SALT LAKE CITY — When James Neal moved to Utah from Florida in 2002 with his mother and grandmother, he was a young man in need of mentors — and he found them.
Neal, 16, has joined the Utah Alpha Beaus, a mentoring group started by Utah residents who belong to the Alpha Phi Alpha fraternity, Utah chapter. The group serves African-American boys ages 14 to 18.
"All of these mentors are like a father to me because I never had a father figure," he said. "I made a brotherhood with about five other Beaus."
Neal said he grew up believing his father had died.
"(My mother) told me he was sick and died," he said. But just two years ago, he learned the truth.
"She was really upset about me asking," Neal said. "She said he had abused her."
That is why belonging to the group Alpha Beaus is important to him.
"There aren't that many African-Americans in my school. I think there are only three," he said. "So this really helps me keep my African-American culture inside of me."
The Alpha Beaus aim to instill in African-American teens a sense of cultural pride, teach leadership skills and provide role models.
"There were conversations about how we could create a safe space for African-American males that were in high school, to get cultural validation," said Bryan Hotchkins, Alpha Beaus program chairman. "And they'd be allowed to express themselves in ways that we (as a culture) deem as normal, and where they would be accepted in their expression."
Hotchkins started the program with other members of Alpha Phi Alpha, an African-American fraternity. He said the men in the Utah chapter saw a need to reach out to the young African-American teens in Utah.
Hotchkins said the group aims to help the boys navigate life in a predominantly white, Mormon culture. One goal is to teach the boys to learn about different cultures so they can find their culture and sense of self-worth.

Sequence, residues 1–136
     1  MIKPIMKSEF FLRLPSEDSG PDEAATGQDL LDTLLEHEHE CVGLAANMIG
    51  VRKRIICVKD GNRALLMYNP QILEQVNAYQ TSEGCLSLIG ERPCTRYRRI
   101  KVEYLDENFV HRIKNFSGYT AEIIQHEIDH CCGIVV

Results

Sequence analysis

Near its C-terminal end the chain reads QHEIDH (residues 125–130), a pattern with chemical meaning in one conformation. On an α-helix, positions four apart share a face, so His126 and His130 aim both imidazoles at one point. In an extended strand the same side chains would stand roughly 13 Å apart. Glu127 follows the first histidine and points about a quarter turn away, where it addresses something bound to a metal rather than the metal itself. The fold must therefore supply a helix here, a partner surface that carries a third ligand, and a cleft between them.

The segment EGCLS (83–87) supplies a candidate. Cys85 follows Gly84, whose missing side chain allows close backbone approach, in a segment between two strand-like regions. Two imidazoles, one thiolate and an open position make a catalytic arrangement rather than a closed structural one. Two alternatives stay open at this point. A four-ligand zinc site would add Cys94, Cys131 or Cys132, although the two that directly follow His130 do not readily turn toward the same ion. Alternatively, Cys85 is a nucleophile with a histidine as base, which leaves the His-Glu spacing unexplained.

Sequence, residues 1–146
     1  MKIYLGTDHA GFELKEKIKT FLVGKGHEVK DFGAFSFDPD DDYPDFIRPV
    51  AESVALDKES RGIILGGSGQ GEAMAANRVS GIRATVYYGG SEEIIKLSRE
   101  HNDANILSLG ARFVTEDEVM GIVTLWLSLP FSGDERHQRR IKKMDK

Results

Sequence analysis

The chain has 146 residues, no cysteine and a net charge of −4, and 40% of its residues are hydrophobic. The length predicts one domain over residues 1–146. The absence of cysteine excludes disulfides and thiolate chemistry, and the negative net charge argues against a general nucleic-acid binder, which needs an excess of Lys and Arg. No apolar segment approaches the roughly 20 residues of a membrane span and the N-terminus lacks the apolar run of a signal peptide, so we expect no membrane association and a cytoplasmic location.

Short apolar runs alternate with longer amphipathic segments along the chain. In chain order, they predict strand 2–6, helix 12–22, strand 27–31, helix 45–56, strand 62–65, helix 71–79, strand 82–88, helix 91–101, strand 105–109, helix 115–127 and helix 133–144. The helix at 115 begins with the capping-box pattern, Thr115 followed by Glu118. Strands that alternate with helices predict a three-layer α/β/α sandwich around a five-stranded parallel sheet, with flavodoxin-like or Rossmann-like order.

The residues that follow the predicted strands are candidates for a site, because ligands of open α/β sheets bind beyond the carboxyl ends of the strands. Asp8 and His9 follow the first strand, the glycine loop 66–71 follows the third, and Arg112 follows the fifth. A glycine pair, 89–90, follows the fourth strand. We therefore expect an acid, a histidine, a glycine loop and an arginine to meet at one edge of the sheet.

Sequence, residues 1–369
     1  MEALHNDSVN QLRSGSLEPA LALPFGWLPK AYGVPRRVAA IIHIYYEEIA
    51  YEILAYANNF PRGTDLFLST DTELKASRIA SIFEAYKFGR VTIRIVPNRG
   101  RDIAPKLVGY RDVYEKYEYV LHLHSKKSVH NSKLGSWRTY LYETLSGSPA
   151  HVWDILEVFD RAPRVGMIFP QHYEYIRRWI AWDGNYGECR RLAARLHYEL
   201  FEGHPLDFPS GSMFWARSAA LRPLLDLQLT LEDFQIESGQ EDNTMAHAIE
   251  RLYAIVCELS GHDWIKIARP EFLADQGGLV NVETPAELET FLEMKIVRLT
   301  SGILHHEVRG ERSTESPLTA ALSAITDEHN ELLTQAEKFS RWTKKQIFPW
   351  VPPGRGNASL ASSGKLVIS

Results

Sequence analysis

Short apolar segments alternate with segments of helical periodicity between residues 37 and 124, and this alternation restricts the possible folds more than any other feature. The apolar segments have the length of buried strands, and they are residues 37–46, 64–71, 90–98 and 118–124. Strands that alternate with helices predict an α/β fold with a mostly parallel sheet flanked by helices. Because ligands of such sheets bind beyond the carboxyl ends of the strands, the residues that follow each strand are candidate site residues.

"There are discussions about how culture is seen, how culture is expressed, and how culture is validated," Hotchkins said.
The mentors are passing down information given to them by their fathers about cultural identity as young African-American males, something Hotchkins said tends to be missing in some transracial homes or homes with single mothers.
"If I adopt a child who is Chinese, I can only teach him about being African-American because that is my experience," Hotchkins said. "Because I have lived the experiences of an African-American man, I can teach African-American boys about those experiences."
He acknowledges that the boys may never have the same experiences that he has had.
"But I can give them the cultural cues to be able to identify language that is spoken to them," Hotchkins explained.
At least one mentor in Alpha Beaus was raised by a single mother — Roderic Land, Alpha Phi Alpha Utah Chapter president. He said it is important for the young men to understand the "lens by which they are seen" in society.
Land said media images tend to stereotype African-American males. Instead of allowing the media to define African-American men, the mentors will serve as role models.
"Even with the males that we're mentoring, some of them tend to subscribe to the ideas that they see in the media," Land said. "But it's up to us as men to rectify that situation and show them that there are other ways of being other than what you see on the videos and in the movies."
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